- Published in Features.
Craftsmanship doesn’t play much of a role for OEMs whose flow-lines churn out thousands of vehicles a day. But when your production run is a little more modest, you can afford to spend a bit more on the components.
When the list price is €196,000 – before taxes –the cost of features such as a machine-turned aluminium dashboard is acceptable. You’ll find one in the luxurious interior of Spyker’s latest model, the C8 Aileron, but, just like the mass-produced vehicles, it’s built to a cost and has to be profitable.
“Most of the tooling investment is in the super-formed aluminium body panels’ Asurfaces and in the spaceframe,” says Spyker’s chief technical officer Michael Schouten. “We looked at the launch budget for this car, but of course it has a lifespan as well. We have a very clear idea of what we want to do with it during that time and made sure that we can make all of the upgrades and modifications using the same tooling.”- Wicher Kist, Spyker’s chief operations officer, says: “We know what certification factors are going to change, especially in North America and Europe. So we’ve anticipated them in the design so that this vehicle will be compliant. Yes, CO2 will be difficult with the V8 but in terms of crash performance and pedestrian impact we already know what we’re going to do in the next six years.”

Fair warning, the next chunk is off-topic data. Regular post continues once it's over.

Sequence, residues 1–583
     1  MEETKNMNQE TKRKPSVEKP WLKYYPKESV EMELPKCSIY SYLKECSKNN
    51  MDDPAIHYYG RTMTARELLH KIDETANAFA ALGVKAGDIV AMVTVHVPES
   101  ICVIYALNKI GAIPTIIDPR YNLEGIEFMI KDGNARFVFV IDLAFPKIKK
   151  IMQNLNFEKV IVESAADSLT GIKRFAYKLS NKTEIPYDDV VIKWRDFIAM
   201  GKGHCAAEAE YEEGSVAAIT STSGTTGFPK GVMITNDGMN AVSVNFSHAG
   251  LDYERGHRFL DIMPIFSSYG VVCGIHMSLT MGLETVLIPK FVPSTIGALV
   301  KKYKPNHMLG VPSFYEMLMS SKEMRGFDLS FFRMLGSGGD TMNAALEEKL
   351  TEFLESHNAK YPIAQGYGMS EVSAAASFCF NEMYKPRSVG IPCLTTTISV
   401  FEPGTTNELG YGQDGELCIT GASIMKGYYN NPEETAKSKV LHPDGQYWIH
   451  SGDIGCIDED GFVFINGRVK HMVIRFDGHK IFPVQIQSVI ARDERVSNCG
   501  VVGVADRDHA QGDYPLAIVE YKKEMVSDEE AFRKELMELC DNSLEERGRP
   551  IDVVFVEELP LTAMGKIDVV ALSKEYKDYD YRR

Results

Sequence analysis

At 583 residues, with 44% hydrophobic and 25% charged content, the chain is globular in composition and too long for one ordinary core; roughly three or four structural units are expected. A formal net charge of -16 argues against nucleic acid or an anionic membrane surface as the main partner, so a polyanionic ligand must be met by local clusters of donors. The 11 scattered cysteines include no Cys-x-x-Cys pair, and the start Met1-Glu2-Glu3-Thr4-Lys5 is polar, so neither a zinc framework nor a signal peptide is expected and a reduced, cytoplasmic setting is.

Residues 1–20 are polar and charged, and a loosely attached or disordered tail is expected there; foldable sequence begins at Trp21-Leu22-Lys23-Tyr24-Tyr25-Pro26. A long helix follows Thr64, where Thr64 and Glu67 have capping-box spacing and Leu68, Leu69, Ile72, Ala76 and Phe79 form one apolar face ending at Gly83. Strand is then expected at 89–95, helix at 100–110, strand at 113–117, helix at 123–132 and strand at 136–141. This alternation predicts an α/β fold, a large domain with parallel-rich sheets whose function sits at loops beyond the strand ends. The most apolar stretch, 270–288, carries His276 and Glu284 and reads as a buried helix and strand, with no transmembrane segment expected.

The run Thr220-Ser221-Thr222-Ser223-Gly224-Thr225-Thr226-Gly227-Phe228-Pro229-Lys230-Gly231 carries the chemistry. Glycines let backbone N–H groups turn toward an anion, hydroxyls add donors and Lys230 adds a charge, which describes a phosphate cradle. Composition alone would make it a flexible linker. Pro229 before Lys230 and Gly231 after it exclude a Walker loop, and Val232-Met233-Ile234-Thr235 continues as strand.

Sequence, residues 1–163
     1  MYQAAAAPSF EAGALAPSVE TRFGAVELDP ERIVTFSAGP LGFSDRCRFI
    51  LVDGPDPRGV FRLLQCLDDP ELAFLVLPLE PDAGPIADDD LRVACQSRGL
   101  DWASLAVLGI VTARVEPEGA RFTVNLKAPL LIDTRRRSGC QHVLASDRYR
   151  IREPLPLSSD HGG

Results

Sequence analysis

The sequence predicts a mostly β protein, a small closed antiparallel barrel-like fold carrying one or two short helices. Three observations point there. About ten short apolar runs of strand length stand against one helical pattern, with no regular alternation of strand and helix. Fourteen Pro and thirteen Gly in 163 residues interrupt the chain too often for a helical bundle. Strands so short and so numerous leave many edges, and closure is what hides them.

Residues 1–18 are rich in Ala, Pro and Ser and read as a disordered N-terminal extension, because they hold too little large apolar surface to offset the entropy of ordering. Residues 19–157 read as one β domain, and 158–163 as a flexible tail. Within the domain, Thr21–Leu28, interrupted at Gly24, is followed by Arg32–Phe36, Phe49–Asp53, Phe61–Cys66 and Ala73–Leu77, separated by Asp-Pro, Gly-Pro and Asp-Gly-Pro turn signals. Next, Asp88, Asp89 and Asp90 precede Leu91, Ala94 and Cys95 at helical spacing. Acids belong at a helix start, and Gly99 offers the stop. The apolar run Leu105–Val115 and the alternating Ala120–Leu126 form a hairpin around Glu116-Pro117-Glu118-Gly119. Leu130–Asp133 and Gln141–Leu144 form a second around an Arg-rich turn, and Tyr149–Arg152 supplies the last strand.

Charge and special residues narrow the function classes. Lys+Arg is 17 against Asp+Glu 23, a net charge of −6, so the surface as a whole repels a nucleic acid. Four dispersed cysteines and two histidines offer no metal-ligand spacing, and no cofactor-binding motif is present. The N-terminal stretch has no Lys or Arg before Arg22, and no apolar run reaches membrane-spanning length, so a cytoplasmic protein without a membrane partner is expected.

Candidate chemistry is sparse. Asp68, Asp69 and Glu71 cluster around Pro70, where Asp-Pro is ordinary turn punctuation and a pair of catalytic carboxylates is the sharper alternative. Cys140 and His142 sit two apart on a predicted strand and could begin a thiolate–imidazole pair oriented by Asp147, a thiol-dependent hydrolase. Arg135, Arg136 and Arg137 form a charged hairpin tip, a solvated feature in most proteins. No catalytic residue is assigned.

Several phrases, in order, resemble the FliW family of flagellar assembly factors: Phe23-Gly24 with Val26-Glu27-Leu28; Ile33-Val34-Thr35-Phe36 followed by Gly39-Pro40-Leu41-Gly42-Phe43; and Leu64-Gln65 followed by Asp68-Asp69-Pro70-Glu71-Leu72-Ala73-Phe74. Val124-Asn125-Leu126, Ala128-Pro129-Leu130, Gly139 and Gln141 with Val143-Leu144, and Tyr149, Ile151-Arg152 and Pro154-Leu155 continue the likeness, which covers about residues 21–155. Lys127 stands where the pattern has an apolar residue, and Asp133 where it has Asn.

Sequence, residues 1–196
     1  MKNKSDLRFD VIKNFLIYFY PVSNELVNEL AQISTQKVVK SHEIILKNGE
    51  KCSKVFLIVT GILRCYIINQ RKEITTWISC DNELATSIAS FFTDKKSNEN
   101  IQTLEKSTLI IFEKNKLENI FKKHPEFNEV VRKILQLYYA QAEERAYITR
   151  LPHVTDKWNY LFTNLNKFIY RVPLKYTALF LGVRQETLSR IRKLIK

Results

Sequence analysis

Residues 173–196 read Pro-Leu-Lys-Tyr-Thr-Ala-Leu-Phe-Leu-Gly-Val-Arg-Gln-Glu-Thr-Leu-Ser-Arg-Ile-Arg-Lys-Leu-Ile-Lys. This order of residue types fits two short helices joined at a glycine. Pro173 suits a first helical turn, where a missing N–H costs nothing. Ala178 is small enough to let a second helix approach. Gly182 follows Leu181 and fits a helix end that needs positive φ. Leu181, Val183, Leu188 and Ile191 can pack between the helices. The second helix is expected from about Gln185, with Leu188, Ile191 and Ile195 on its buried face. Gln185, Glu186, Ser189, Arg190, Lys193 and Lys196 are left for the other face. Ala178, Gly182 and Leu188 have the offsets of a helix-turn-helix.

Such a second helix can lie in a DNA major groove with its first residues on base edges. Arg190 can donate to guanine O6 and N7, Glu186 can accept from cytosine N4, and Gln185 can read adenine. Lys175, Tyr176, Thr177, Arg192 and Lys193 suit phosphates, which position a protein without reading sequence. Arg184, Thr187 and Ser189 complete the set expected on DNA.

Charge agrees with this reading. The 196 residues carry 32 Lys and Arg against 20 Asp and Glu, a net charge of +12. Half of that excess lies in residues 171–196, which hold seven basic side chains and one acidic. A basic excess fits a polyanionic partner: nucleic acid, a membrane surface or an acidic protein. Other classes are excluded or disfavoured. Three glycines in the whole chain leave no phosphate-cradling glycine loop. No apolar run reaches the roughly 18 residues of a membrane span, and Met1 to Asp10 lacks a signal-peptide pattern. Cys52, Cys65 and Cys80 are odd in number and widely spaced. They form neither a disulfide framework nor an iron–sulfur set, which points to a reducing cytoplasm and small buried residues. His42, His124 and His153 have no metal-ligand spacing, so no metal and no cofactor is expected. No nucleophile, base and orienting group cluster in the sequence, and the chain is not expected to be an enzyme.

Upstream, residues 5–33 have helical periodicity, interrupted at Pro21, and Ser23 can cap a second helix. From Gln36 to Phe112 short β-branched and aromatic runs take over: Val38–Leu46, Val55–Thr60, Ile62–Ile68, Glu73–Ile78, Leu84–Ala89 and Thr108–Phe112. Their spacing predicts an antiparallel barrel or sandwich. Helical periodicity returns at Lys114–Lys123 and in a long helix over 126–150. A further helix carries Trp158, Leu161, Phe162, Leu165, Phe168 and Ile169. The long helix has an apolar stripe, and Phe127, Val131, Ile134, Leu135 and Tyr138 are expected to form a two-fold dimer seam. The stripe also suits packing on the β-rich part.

Spyker uses Lotus as a development partner and looked at its bonded aluminium technology. But this wasn’t used for the Aileron because, Kist says, it didn’t offer quite enough design flexibility. And the wide sills – essential for stiffness – would’ve compromised the styling: “And we’d have been the first to use a longitudinal V8 installation in that chassis – it was too much, too soon,” says Kist.
Instead, Spyker modified its existing welded spaceframe, widening the front end by 70mm to get the correct proportions, and integrating aluminium castings into the rear structure. It was then optimised for stiffness, reaching 22,000Nm/°, and cost.
Because it’s Spyker’s own design, the firm was able to future-proof it against the legislative changes expected in the next few years. Crash-test homologation is one area that can make a business case very difficult at low volumes.
“Our strategy is for all Spykers to be fully certified in the US so we perform all mandatory federal crash tests,” says Schouten. “And we use European small series type approval. With that combination we can sell vehicles worldwide. And some of the federal work carries over into European certification as well.”